Well, it’s not easy.

The thing I like about Jarvis is he thinks out of the box all the time.  This goes for his new book, What Would Google Do, which I shamelessly pimp here (my pre-order is already in); but also for conferences.

At his last conference at CUNY, he tried quite hard to break the mold.  Lightning round, solve the problem, live webcasting with comments – he tried to get everyone involved.

So we’ve invited him to DNA (March 4-5, Brussels), where we’re going to try some new ideas on group involvement as opposed to sit and watch this stuff. I think it will make a big difference.

And, using my new flip cam (Jarvis was quick to note that he now has the HD version… so it’s back to B&H Photo as soon as I am done here), we got him to do a quick promo for us. (Well, it’s the least you can expect after bagels and ….. marmite?)



bye bye SNL… and I have no idea who that guy is…

For the past four years, we have had our offices at 1619 Broadway, where we sublet space from Broadway Video and SNL.  It was an interesting place to work.

Then, on Tuesday, BV called and said that they had sold part of the building and they were consolidating and we had to vacate…. by the end of the month.

Well, with Thanksgiving coming, this did not look like a particularly pleasant prospect.  I like to keep the office close to home and midtown office space is notoriously difficult to find, particularly on short notice.

I was wrong.

The economic downturn has hit harder and faster than I thought.

Within a few hours, we had found a space.  And it was not the kind of space I had thought we would end up in.

Our new address is on 54th and Park.  It is the office of a former hedge fund. Former, in that it was all there, all but the people.

It has a fireplace. And a bathroom with a tub. And wired rooms with desks with Bloomberg terminals and leather furniture. Just no people.  You might call it a fire sale.  “Just take it” said the last person there, who then turned out the lights.

This morning I opened The Guardian to read the headline:

Woolworths, Founded in 1909, 820 Stores, once worth £830m, for sale yesterday for £1
It’s all pretty sobering stuff.
Like 1929 all over again.. maybe.
If there is a silver lining (and it’s pretty well hidden so far), it is that, as The New York Times pondered yesterday, this depression will be different. Instead of the family hanging together on Walton Mountain, it is more likely that people will sit at home in front of their TV sets… or laptops.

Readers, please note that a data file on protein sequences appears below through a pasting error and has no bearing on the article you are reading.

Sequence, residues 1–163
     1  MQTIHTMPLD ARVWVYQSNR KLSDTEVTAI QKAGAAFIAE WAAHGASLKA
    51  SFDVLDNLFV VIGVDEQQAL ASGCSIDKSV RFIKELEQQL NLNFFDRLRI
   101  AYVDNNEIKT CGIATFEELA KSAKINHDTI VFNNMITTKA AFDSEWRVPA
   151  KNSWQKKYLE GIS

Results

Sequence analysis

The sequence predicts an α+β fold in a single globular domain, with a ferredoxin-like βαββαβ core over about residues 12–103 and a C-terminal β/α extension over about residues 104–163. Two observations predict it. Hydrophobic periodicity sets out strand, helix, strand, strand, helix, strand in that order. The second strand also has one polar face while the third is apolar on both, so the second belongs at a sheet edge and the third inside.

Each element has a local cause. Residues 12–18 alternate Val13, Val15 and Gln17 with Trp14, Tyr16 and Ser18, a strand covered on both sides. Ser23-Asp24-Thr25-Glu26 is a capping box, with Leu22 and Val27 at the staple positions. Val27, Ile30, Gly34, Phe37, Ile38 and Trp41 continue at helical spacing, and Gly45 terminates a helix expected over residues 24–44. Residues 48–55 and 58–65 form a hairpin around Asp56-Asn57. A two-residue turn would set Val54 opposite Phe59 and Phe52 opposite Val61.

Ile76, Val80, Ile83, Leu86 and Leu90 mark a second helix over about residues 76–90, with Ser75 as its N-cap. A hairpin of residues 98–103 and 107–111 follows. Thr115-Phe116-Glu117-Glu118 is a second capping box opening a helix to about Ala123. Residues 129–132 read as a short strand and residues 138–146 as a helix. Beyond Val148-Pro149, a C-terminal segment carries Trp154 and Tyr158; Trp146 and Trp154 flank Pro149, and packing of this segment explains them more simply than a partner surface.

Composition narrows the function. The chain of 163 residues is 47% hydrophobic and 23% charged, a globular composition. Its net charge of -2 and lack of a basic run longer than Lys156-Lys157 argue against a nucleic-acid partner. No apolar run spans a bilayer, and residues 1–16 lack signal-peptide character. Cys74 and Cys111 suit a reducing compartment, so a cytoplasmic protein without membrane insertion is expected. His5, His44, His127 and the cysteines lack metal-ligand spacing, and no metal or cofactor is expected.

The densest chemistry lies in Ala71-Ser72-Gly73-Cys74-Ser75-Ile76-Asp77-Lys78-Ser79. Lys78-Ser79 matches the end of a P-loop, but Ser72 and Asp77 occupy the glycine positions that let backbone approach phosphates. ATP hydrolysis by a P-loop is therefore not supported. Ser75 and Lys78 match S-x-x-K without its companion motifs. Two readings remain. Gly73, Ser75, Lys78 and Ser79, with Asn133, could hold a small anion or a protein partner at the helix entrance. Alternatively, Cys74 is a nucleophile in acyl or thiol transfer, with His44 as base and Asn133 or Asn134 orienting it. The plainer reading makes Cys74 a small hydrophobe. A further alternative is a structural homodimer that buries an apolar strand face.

That is what you do when you are unemployed.
And that means that the demand for content for TV will at least remain.. to some extent. Some cable operations will no doubt go dark, as advertising dollars evaporate.  But those that stay in business will still have to put product on the air.
But… but… they are going to have far less money to pay for that product. So cost cutting will become paramount. More content for less dollars…
The handwriting, so to speak, is on the wall.
And the inquiries we have gotten so far seem to reflect this quite clearly.
The best course you can take for the coming storm?  Prepare yourself for deep cost cuts.  Those who survive? Those who can deliver content for the lowest possible cost.
And as for the new office?
Well, I will certainly miss some aspects of the old one.
There was nothing like walking a client past lifesize photos of John Belushi or Eddie Murphy on the way to the conference room to instill a sense of confidence.
But now, we can do the roaring fire thing instead.
Goes well with the British accent, I think.

Out of Detroit


Motown news

When it comes to cutting edge trends, we generally say that California leads and the nation follows.

When it comes to contracting industries, maybe that accolade should go to Detroit.

This week, as automakers made their case for a $25 billion bail-out, one could not help but think that this was but a harbinger of what is going to face every other industry in the very near future.

Newspapers and now local TV are also facing the same kind of financial downturn and pressure, so it might be reasonable to look to Detroit to try and unwind the Media Mess, and therein perhaps, lies an answer or two.

In 1982, there were two newspapers in Detroit.  The Gannett owned Detroit Free Press and the Knight Ridder owned Detroit News.